“I think it’s a pity that now, offering flowers to a lady becomes indecent,” said Polanski, stirring the pot in Cannes. “I think that trying to level the gender, it’s purely idiotic. I think that chases the romance from our lives, and that’s a great pity.” So, the controversial Polanski set the town talking, on his views on gender and his disappointment at the ''masculinizing'' of women as he arrived with his wife and his star, Emmanuelle Seigner.

So that was one of the final sparks as the Festival wound down, Polanksi caused outrage, Marion Cottaird cried, Jim Jarmusch glared, Paris Hilton pouted, jewellery was stolen and the red carpet has been rolled up for another year… So this will be my final blog – a little delayed thanks to Easy Jet and Aer Lingus, queues at Nice airport, missing my luggage and iPhone dying.

The beginning of the end was Friday evening, as we went to the ice cream parlour off the Croisette we noticed the normal daily queues were gone. The buzz was all about Monaco and the Grand Prix which kicked off on Friday with many of the jet-set pack shifting the party an hour away to Monaco. The majority of the film community had left earlier in the week.

I got up at the crack of dawn on Friday to try to book tickets for Roman Polanski’s exotically title La Venus A La Fourerre (Venus In Fur). Despite the infamous personal scandal that has followed him, I have admired him as a filmmaker for as long as I can remember. From Rosemary’s Baby and Chinatown to Tess, The Pianist and The Ghost Writer, he has been one of the towering directors of modern film.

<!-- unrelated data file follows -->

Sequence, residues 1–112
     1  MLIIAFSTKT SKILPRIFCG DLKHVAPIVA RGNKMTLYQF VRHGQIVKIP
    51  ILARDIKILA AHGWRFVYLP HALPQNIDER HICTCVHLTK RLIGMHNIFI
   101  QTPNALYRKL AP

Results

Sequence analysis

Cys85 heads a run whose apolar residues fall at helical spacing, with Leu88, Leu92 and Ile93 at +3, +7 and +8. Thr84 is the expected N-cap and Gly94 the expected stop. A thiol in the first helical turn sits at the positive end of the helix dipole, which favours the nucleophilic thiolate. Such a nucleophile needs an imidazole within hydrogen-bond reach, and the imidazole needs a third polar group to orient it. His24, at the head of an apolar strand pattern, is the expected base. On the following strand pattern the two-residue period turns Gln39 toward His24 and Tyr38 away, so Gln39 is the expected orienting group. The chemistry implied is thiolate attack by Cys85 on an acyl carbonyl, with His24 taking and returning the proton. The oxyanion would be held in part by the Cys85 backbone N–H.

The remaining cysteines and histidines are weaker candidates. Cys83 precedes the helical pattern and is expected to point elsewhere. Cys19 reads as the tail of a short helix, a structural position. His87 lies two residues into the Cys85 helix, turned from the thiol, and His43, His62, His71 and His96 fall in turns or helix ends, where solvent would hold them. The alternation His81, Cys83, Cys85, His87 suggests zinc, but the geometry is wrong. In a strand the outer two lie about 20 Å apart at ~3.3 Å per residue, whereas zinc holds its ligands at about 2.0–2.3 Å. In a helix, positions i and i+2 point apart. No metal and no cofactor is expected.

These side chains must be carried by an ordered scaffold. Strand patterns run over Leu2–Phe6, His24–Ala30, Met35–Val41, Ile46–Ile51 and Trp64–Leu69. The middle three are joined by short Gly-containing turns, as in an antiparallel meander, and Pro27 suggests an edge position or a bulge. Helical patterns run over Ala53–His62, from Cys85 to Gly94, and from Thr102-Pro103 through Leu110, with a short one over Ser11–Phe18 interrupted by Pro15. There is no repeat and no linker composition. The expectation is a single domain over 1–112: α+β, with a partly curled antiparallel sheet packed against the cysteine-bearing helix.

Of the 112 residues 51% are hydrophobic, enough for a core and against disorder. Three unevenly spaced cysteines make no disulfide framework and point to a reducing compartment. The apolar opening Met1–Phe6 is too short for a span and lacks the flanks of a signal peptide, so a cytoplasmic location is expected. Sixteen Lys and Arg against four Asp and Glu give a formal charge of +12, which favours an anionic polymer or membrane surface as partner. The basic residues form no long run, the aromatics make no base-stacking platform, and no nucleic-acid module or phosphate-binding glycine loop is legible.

"I think when you show a film here, you have to be in the competition, you have to be a sport," Polanski told journalists before the official screening. "And even if I don't get anything I can say, 'Well, I got it already.'" Polanksi’s wife and muse, Emmanuelle Seigner, stole the show on the red carpet.

Wearing a red dress with a thigh-high slit, the actress took plunging necklines to a whole new level and all eyes were on her as she waltzed along the red carpet in her custom Alexandre Vauthier low-cut silk jersey gown which she styled with red Christian Louboutin sandals. Venus in Fur stars Polanski's wife as brash actress Vanda who crashes an audition to convince writer Thomas, played by Mathieu Amalric, to cast her as the lead in his new play.

Soon, the roles in the play are being acted out by Vanda and Thomas, and as the themes of domination and submission come into focus, roles become reversed and reality is blurred. It makes me wonder if it was a case of reality becoming art, or art becoming reality.

The Guardian's Peter Bradshaw called Polanski's first French-language film a "playful if occasionally heavy-handed jeu d'ésprit on the subject of sexual role-play, the games we all play, illusion and reality, and directing as a sexual act."

There was no mad partying on Friday night but instead I opted for a nice meal of fresh fish skewer and frites with friends in Cannes. I was planning on waking at 7am in the morning to secure tickets for the red carpet screening of Jim Jarmusch’s film. Jarmusch’s Only lovers left Alive is the US directors’ take on the currently trendy vampires theme, featuring Adam (Tom Hiddleston) and Eve (Tilda Swinton) as a stylish globe-trotting vampire couple who’ve been together since the 1860s and have their own sources of top-quality blood.